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Thursday, 01 January 2015

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If you listen to a lot of the Bach Church music the vocal style is rather similar to Handel, complete with the repeated single syllables that go on forever. You might not notice as much because it's in German.

I am not a singer (I play Shakuhachi, a classical Japanese flute) nor am I particularly religious, but I thoroughly enjoy the Messiah sing along that is performed every December in Boulder Colorado. It's a community orchestra (audition required) and choir (no audition), professional soloists, plus a church full of people off the street.

I sit in the Bass section, because the only chance I have is if I'm surrounded by people singing the same part. Last month put me in the front row directly facing the Soprano soloist.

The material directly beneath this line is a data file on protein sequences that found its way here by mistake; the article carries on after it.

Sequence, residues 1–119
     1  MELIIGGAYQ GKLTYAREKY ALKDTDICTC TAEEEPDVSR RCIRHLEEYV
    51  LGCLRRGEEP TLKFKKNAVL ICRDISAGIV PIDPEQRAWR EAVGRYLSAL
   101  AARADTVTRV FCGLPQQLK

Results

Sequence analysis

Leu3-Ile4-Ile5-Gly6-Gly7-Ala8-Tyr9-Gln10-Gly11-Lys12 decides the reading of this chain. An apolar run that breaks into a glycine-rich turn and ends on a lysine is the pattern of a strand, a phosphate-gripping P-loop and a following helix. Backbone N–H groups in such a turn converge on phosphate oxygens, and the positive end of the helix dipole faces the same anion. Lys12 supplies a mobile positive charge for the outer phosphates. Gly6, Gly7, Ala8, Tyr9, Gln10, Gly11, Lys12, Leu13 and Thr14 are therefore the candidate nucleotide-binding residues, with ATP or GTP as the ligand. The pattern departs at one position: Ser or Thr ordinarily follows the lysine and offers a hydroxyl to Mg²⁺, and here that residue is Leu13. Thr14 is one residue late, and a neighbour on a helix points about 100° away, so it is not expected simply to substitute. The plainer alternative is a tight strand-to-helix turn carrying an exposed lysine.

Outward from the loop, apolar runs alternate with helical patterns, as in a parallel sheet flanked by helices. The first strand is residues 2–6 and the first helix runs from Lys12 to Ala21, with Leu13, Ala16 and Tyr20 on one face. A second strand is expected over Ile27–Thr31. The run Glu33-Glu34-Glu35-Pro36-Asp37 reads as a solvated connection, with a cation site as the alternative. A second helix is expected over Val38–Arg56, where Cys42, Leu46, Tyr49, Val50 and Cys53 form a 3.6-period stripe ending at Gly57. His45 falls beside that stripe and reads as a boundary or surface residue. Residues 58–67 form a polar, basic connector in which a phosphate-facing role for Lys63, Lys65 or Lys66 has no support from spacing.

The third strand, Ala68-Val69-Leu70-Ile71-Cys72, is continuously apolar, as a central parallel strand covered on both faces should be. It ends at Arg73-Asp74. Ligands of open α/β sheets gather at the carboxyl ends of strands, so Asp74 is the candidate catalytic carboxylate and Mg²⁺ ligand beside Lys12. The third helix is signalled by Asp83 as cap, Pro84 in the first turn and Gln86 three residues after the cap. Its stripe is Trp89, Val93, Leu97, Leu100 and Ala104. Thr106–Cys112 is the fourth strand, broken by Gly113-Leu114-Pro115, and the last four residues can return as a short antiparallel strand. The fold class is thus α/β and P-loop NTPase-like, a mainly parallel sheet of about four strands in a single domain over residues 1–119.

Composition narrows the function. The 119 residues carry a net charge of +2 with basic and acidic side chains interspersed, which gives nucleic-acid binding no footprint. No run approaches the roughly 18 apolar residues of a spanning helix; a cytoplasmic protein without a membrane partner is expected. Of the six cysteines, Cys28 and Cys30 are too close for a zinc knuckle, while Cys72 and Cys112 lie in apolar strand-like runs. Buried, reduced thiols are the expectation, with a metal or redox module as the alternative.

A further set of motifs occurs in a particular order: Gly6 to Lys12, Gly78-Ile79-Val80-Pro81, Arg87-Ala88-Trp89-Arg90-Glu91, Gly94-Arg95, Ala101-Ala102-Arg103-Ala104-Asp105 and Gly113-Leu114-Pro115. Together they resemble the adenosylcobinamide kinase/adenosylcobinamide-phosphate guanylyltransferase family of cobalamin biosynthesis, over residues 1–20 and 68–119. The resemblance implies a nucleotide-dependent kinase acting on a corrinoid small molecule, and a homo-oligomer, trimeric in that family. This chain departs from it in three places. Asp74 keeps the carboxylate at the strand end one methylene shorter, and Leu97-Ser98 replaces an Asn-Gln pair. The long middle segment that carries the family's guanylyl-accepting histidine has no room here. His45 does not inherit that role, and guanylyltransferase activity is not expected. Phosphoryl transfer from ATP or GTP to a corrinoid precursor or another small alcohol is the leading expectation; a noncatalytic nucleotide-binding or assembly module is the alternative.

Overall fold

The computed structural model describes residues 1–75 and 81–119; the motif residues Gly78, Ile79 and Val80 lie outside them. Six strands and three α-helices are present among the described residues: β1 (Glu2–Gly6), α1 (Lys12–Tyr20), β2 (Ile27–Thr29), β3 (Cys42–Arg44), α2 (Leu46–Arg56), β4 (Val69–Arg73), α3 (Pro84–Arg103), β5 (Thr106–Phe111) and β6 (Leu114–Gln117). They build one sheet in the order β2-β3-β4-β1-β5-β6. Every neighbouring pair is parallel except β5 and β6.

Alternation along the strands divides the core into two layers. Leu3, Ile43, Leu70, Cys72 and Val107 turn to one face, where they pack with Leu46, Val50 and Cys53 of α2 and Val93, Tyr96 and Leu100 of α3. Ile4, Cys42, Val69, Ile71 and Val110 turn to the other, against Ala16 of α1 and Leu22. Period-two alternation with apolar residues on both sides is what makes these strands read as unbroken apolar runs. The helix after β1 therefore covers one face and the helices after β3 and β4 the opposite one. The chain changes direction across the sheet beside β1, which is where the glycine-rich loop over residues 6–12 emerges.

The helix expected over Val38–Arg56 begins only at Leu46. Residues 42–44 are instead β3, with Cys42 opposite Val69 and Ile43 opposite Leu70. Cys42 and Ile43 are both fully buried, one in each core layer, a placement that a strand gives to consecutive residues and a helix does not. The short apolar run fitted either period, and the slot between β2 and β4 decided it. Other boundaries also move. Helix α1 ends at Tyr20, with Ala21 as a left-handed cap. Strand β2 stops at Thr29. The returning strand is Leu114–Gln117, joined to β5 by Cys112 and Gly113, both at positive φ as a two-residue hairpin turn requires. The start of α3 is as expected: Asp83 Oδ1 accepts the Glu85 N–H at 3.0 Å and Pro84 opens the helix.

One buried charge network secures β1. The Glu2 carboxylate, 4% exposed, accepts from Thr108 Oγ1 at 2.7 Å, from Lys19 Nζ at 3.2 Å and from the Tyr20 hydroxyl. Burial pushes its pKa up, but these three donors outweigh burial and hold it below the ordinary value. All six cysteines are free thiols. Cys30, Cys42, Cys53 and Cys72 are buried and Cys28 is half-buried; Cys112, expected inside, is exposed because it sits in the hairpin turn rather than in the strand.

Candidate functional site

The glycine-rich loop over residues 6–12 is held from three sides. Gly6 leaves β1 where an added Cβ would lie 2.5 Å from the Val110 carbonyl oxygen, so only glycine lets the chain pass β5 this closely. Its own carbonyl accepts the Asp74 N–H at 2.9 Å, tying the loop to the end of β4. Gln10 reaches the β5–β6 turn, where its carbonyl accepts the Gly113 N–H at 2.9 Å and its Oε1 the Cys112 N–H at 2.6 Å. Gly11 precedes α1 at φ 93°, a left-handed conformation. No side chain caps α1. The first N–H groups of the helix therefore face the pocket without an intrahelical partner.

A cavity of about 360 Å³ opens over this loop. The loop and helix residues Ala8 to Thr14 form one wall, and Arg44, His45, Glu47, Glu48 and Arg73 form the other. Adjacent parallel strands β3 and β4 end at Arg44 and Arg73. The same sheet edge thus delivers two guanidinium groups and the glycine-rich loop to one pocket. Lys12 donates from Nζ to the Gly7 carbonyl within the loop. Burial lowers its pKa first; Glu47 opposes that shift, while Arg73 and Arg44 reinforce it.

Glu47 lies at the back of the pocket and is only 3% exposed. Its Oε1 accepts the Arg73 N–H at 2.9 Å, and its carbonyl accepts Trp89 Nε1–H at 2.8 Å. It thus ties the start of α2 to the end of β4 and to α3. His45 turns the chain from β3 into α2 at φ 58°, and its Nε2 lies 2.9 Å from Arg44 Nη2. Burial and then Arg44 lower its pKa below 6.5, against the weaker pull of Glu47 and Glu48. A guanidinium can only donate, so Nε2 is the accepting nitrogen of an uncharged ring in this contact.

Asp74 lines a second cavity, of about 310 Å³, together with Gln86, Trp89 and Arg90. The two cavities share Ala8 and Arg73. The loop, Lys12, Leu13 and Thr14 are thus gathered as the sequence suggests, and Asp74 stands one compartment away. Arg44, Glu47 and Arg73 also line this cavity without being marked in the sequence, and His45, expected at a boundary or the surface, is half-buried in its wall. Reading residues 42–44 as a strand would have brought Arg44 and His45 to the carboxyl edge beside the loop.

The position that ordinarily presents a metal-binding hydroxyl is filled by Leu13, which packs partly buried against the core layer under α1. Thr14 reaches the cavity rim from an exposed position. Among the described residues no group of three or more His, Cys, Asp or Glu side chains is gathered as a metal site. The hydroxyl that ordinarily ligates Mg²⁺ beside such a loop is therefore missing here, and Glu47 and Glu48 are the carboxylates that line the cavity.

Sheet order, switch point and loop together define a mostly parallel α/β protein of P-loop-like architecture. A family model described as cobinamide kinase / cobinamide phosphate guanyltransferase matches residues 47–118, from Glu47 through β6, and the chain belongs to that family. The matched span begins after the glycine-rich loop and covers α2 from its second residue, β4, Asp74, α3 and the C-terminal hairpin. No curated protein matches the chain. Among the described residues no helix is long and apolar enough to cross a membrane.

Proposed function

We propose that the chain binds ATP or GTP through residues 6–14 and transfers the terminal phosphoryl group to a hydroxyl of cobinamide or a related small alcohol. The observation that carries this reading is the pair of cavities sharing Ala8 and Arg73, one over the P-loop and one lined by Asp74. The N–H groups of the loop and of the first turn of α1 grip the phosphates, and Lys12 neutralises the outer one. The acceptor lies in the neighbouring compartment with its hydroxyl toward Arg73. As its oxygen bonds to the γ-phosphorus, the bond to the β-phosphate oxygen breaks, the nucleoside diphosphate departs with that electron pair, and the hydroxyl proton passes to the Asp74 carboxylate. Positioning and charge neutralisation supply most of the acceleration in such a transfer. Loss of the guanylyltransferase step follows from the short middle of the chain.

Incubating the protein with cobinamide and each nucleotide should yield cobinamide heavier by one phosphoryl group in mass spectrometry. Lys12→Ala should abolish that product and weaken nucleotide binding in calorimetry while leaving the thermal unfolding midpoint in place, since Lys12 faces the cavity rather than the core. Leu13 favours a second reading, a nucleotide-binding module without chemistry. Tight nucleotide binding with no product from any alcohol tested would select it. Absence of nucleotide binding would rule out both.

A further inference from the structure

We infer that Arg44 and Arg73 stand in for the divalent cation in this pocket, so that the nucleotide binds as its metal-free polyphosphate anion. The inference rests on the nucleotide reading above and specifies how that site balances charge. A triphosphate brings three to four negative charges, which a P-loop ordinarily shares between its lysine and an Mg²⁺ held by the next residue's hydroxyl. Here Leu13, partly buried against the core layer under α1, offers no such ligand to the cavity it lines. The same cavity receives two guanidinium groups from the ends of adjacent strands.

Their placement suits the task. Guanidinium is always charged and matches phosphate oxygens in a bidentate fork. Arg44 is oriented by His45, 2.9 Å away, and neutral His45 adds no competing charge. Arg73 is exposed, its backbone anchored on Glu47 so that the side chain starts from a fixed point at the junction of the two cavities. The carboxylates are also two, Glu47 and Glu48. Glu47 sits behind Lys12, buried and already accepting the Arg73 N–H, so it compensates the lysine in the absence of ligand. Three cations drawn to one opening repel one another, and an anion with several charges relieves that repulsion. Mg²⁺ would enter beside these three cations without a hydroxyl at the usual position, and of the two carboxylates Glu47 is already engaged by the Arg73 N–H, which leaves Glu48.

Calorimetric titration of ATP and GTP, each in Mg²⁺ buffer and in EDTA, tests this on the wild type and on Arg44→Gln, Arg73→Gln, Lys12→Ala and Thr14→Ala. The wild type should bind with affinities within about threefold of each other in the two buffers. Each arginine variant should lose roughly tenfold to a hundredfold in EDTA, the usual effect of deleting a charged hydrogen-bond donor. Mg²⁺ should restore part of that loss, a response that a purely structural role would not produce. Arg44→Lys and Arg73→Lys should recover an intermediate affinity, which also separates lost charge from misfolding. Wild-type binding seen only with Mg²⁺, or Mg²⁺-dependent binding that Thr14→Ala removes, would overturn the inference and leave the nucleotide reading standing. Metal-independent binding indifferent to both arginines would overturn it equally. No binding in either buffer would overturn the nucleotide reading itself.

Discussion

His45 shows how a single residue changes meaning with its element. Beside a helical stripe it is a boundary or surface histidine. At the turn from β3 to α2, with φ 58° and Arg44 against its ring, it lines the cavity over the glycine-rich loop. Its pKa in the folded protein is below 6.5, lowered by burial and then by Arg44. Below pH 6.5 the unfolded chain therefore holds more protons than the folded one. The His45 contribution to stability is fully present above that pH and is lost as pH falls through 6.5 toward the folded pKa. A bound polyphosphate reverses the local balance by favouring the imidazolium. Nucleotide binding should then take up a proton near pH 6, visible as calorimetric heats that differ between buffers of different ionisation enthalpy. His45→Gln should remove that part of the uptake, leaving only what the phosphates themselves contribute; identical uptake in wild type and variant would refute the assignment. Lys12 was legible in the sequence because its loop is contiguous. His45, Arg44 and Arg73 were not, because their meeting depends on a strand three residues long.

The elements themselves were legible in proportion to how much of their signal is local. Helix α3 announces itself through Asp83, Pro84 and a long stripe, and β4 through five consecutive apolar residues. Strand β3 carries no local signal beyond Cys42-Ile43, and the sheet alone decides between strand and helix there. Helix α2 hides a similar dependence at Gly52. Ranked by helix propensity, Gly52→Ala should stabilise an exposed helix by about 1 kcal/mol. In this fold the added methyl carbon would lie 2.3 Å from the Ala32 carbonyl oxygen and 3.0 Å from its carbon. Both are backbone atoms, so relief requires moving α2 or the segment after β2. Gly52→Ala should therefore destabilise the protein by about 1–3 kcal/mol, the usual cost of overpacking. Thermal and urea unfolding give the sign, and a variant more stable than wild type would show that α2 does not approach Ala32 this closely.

Some parts of the libretto are read, rather than sung to keep the entire performance down to about 2.5 hours. There is always one violinist who has a slightly different opinion of intonation from the rest. But it's great fun to get together with two or three hundred members of the community and do something together. It's fun to participate!

The nice thing about "church music" in a foreign language is that if you don't know the language, you can enjoy to the music without the text intruding. They could be singing about women and drink (e.g. Orff's Carmina Burana), and it doesn't disturb the listening.

Thank you.

That IS superb!

Ah, melisma. It's the vocal HDR of pop music.

The same conductor, choir and players - but with different (exemplary) soloists - made a CD for DG Archiv of this same work, which is firmly recommended: for non-seasonal listening also.

1987: John Eliot Gardiner, Anthony Rolfe Johnson (tenor, Evangelist), Anne Sofie von Otter (alto), Olaf Bär (bass), Hans Peter Blochwitz (tenor), Nancy Argenta (soprano), Monteverdi Choir, English Baroque Soloists. Archiv Produktion.

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